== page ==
What is needed to take forward this type of research? Firstly, good quality primary studies on the effects of change.5 Even where there is good evidence of a causal relation, reversibility cannot be assumed7: as a quantified illustration, the magnitude of the effect of a rise or a fall in cigarette price on cigarette consumption (the elasticities) differ.8 In relation to socioeconomic inequalities, while cross sectional studies of unemployment and health are subject to direct and indirect selection effects,9 factory closure studies overcome this problem,10 but do not directly answer the question, “how much health gain would be expected from the creation of a certain number of jobs?”—which arises frequently in the context of health impact assessment.

In the UK, the 2004 Wanless Report lamented the lack of evidence of cost effectiveness of interventions to improve population health.11 Where such evidence does exist, almost all focuses on individual level interventions, yet health impact assessments consider projects, programmes, or policies that affect whole populations or significant groups. Explaining the health effects of interventions requires a robust study design that is able to answer the question asked12 but it does not require that the researchers initiate or implement the intervention whose effects are being examined. Wanless suggested that a useful design is to exploit opportunities of “natural experiments”11; for example, there is good evidence of some income redistribution in the UK in the past seven years, but so far there seems to be no interest in assessing the health impact, even though it is likely to reflect well on the government. It remains to be seen whether the UK or other governments and funders of research will become interested in the type of research that Cole and others are pioneering.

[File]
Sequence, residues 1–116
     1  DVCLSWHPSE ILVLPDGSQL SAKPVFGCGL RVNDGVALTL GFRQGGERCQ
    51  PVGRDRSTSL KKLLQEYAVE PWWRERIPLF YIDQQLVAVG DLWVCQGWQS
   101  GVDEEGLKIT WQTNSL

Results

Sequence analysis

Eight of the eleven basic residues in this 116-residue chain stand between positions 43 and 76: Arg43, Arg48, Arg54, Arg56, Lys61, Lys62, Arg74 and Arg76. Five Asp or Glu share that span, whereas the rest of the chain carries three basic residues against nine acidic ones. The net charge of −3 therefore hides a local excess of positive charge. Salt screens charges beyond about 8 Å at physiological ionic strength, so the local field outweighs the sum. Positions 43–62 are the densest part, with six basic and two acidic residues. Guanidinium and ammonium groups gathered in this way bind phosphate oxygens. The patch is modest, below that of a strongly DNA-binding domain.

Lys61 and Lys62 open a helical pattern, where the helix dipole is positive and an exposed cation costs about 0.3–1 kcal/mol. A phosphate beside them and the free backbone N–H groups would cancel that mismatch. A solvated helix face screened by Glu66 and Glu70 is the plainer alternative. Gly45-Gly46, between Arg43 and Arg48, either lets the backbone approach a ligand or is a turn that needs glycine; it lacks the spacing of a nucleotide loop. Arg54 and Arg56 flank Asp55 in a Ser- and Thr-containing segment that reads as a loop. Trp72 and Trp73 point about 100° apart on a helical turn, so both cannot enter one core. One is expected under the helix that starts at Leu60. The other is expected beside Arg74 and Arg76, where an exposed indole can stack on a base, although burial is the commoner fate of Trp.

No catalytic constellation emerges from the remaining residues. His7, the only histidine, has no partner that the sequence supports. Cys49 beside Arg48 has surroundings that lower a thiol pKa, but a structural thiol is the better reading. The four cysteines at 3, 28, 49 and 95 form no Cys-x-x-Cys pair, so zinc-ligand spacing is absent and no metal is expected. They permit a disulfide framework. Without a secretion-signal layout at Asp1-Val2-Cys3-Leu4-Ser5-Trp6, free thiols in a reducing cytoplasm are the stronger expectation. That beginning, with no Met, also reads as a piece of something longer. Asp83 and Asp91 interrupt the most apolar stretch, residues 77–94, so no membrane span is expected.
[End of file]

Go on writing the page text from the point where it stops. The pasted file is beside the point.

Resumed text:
Mathematical modelling is seldom applied to research of global measures of health or health inequalities mainly because of the lack of studies of interventions necessary to underpin modelling research.



  • Funding: none.

  • Conflicts of interest: none declared.